Utility companies warned residents in Louisiana it may take weeks before power can be restored to their homes following the devastation caused by Hurricane Ida.
As of Monday morning, over 888,000 customers don't have power, and that number is growing as the storm moves its way into the country.
"It will likely take days to determine the extent of damage to our power grid in metro New Orleans and far longer to restore electrical transmission to the region," Entergy New Orleans, the city's utility, tweeted.
The blackout is coinciding with a forecast that predicts temperatures in the high 80s.
Here are some crucial safety tips for anyone whose home doesn't have power.
The Federal Emergency Management Agency advises people to ensure their portable devices have batteries as close to fully charged as possible.
New Orleans's Office of Homeland Security and Emergency Preparedness recommends communicating via SMS text messaging, because that uses the least amount of cell phone battery power.
If you are using a generator to power appliances or your home, make sure it is positioned outside in a well-ventilated area, as fumes from the generator could result in carbon monoxide poisoning, emergency experts said.
Refrigerators and freezers should be kept closed during the outage.
"The refrigerator will keep food cold for about four hours. A full freezer will keep the temperature for about 48 hours. Use coolers with ice if necessary," FEMA advises.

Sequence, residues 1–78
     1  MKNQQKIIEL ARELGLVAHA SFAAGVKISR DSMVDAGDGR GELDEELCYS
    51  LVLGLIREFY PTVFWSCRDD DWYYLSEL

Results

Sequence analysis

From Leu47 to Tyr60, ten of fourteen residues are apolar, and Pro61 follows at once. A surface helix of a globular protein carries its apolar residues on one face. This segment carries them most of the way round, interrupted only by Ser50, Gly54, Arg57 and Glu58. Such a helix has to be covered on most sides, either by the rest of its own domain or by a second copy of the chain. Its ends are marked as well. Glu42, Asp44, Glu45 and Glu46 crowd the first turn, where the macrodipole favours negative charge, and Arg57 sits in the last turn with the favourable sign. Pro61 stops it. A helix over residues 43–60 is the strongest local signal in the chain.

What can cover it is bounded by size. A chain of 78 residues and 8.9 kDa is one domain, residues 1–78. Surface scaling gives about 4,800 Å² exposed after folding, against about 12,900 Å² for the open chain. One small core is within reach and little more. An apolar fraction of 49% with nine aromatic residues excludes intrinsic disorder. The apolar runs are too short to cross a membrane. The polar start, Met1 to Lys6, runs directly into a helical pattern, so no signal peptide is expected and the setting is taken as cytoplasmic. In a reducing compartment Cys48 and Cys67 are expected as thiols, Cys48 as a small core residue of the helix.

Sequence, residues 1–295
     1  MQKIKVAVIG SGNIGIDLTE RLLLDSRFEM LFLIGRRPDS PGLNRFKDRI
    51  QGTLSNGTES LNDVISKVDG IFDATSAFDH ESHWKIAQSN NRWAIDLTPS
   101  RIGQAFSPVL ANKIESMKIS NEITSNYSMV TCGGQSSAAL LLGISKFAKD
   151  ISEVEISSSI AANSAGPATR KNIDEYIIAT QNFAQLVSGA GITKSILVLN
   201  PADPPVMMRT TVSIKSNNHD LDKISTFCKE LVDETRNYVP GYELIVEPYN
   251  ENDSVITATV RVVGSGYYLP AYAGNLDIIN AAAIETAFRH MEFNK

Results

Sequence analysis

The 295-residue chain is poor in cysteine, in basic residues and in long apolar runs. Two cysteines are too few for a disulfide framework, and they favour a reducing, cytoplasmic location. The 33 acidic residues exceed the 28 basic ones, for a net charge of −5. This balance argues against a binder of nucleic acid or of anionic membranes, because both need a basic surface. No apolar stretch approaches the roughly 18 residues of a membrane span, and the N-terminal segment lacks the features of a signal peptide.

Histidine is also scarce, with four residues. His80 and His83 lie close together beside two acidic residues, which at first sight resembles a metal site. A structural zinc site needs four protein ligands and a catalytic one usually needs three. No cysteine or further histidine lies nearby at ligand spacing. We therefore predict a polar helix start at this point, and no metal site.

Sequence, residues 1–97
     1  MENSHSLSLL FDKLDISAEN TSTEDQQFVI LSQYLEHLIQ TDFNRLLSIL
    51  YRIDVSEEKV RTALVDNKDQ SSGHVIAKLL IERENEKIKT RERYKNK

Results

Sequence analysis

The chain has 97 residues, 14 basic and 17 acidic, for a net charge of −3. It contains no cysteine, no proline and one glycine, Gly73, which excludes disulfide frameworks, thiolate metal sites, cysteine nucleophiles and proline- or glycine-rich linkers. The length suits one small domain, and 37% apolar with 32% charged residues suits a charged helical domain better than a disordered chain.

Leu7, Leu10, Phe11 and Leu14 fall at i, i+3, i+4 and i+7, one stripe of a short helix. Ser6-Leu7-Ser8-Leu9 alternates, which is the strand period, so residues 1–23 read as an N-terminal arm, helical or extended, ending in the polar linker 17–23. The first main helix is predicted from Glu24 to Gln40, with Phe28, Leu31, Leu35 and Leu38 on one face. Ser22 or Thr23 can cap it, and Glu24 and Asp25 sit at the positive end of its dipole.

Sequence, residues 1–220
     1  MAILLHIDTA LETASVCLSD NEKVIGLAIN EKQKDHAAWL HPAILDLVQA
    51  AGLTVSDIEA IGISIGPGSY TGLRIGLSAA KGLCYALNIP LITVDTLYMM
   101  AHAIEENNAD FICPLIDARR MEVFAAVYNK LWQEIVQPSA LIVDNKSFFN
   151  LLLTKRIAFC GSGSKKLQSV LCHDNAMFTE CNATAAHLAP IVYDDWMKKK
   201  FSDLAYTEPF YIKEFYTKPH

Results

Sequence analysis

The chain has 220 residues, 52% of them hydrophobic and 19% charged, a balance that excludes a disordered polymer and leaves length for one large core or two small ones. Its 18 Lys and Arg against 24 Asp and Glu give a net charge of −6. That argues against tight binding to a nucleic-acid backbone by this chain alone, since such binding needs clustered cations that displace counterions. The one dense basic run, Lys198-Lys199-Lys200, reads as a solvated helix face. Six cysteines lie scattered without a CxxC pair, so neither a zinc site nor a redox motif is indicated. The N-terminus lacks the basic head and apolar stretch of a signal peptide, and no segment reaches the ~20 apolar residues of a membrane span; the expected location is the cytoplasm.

If it appears at all that a food item is spoiled, emergency management experts say it's best to not take any chances and throw it out.
Affected residents should rely on canned food and other non-perishable food items.
If you need to cook any food, charcoal grills are more efficient for cooking during a power outage. The grills should be used outdoors to prevent any carbon monoxide poisoning.
When it comes to the heat, emergency management experts emphasize constant hydration and wearing thin and comfortable clothes.
The use of battery-powered cooling devices, such as portable fans, is encouraged to beat the heat, according to experts.
If possible, affected users should head to the closest cooling center, such as a library or public pool, to avoid heat stroke or overheating.
FEMA warns that senior citizens are most vulnerable to these conditions during a blackout.